😎 The negative cost of Net Zero
A new paper inverts the costs of a clean energy system
There is a widely held view that the cost of getting to Net Zero is going to be high. We are told that the sums of money required for the new kit (solar panels, batteries, wind turbines, small modular reactors, high-voltage direct current interconnects, microgrids and the like) will be larger than a typical oligarch’s Loro Piana budget. Certainly, running into the trillions of dollars.
But is this really a large number in a sense of being either unaffordable or poor value for money? Yes, trillions are trillions. But global GDP is $85 trillion dollars. The US military costs about $2 trillion every three years. So in the context of military spending or the global economy, is trillions really a huge number?
Yet that notion that the energy transition will be expensive or unaffordable keeps rattling around. That either investment in renewables is not sound (in the sense that they might not pay back more than you put in). Perhaps, the cost of a net zero transition is higher than the cost of just bearing with climate change. Take, for example, Bjorn Lomborg bemoaning the cost of Biden’s carbon reduction plans: “the economic damage these policies would do is much greater than what most voters would tolerate, while the climate benefits are smaller than many would imagine.” Or Matt Ridley; “eliminating carbon dioxide from the energy sector has hardly begun, yet the cost is already huge.”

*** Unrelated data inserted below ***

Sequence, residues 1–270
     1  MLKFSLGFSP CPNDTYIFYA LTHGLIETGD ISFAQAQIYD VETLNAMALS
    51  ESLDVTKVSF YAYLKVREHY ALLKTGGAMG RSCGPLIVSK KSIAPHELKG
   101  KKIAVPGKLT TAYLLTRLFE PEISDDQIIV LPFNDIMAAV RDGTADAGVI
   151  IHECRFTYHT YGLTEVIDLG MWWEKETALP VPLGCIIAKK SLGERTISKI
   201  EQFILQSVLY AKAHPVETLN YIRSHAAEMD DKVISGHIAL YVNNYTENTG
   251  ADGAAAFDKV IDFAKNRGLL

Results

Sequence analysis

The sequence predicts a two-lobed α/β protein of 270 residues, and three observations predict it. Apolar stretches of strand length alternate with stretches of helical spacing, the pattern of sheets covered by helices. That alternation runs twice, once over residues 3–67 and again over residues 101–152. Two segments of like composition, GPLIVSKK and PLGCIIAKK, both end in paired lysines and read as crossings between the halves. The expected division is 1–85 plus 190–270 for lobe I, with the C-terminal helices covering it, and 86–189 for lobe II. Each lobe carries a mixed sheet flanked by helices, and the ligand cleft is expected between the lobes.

Even for those groups committed to the net zero transition at a pace, the dialogue is sombre rather than celebratory. A “flagship report” from IEA and IRENA, reported in the Financial Times1 suggests an investment of $1 trillion per year in renewables and $130bn in hydrogen is required from now until 2030 to hit interim Net Zero targets. A McKinsey report from earlier this year suggests spending on physical assets for the transition would top $275 trillion by 2050, or $9.2 trillion per annum, roughly 7% of global household spending. That is meaningful. Even in the best of times, we would feel the pinch. (Six months earlier, the UN High-Level Climate Champions, rocked up with the number of $125 trillion, another big number. But what is $150 trillion between friends?)
Exponential, not linear
The problem with all these forecasts, these doomsayers, these backward Pollyannas, is that they are wrong. And the reason they are wrong is that they fail to grapple with the exponential nature of the key technologies. This cluster of lovelies — solar, wind, batteries, and electrolysers — will be the engine behind the Net Zero transition. The exponential nature means the cost of these technologies de facto declines by double-digit percentages every year, a stunning deflation in our inflationary contemporary.